Journal article

Biospheric carbon stocks reconstructed at the Last Glacial Maximum: comparison between general circulation models using prescribed and computed sea surface temperatures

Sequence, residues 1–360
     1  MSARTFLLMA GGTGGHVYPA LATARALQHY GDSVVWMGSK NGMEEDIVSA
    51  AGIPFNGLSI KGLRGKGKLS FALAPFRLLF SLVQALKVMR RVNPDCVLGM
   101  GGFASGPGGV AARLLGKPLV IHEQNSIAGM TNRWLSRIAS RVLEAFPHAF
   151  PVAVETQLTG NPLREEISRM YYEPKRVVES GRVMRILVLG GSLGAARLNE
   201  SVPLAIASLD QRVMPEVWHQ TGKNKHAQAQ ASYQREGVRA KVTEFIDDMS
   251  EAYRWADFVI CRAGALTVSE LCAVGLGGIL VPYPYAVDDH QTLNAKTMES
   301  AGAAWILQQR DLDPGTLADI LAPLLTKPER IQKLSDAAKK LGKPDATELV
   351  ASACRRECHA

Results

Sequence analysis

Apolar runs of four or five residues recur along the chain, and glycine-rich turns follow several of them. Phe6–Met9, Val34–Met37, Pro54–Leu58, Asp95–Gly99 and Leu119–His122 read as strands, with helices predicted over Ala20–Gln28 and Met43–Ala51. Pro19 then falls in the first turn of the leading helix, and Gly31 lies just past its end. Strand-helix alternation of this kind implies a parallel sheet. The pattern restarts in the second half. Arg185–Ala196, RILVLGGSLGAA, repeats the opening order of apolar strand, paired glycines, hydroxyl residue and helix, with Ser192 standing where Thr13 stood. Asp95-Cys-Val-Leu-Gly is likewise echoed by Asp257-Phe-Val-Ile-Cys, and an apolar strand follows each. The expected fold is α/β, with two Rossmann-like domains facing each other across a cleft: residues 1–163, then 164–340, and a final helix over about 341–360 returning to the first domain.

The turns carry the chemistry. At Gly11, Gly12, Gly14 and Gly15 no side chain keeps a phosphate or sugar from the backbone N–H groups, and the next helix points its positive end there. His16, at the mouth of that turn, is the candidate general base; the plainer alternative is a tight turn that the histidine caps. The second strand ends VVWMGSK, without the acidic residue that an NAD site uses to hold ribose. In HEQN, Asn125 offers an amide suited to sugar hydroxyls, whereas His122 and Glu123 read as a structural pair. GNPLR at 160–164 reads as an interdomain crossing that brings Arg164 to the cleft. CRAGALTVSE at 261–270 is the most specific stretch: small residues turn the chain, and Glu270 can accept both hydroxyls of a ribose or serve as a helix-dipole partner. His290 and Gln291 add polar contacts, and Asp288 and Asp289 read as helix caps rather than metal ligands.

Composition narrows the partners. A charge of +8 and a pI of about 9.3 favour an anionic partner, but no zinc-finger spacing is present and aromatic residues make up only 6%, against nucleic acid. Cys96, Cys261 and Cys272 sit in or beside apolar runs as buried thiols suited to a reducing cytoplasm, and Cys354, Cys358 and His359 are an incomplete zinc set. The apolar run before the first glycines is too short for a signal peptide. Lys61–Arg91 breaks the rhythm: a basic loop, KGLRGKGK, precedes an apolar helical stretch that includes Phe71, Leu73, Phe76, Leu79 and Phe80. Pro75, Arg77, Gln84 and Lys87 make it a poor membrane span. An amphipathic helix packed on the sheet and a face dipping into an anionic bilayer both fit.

The terrestrial biosphere model Carbon Assimilation in the Biosphere (CARAIB) was improved by introducing two vegetation storeys and implementing a new module which simulates the equilibrium distribution of the vegetation inferred from physiological processes and climatic constraints. In this fourth version of CARAIB, we differentiate ground-level grasses from tree canopies, which allows us to determine the light available to grasses as a direct function of the leaf area index (LAI) of the forest canopy. Both of these storeys are potentially composed of several plant functional types (PFT). The cover fraction of each PFT within each storey is estimated according to its respective net primary productivity (NPP). A biome is assigned to each grid cell on the basis of three physiological criteria: (1) the cover fraction, (2) the NPP, and (3) the LAI; and two climatic constraints: (1) the growing degree-days (GDD) and (2) the lowest temperature reached during the cold season (T-min), which are well-known indices of vegetation expansion boundaries. Total biospheric carbon stocks (vegetation + soil) are reconstructed by forcing the model with eight climatic scenarios of the Last Glacial Maximum (LGM, 21 ka BP), which were obtained from the Palco-Modelling Intercomparison Project (PMIP) from four general circulation models (MRI2, UGAMP, LMD4, and GEN2) using prescribed and computed sea surface temperatures (SSTs). The model was also forced with a current climate together with a preindustrial atmospheric CO2 level of 280 ppm as reference simulation, To validate the model, current biome distribution is reconstructed and compared, for the modem climate, with two distributions of potential vegetation and, for the LGM, with pollen data. The model simulations are in good agreement with broad-scale patterns of vegetation distribution, The results indicate an increase in the total biospheric carbon stock of 827.8-1106.1 Gt C since the LGM. Sensitivity analyses were performed to discriminate the relative effects of the atmospheric CO, level ("fertilization effect"), the climate (present or LGM), and the sea level. Our results suggest that the CO, fertilization effect is mostly responsible for the total increase in vegetation and soil carbon stocks. The four GCMs diverged in their predicted responses of continental climate to calculated SSTs. Only one of them, i.e., MRI2, predicted a marked decline of the continental temperatures in response to lower calculated SSTs. For this GCM, the effect of reduced SSTs on continental biospheric carbon stocks was a decrease of 544.1 Gt for the soil carbon stock and of 283.7.


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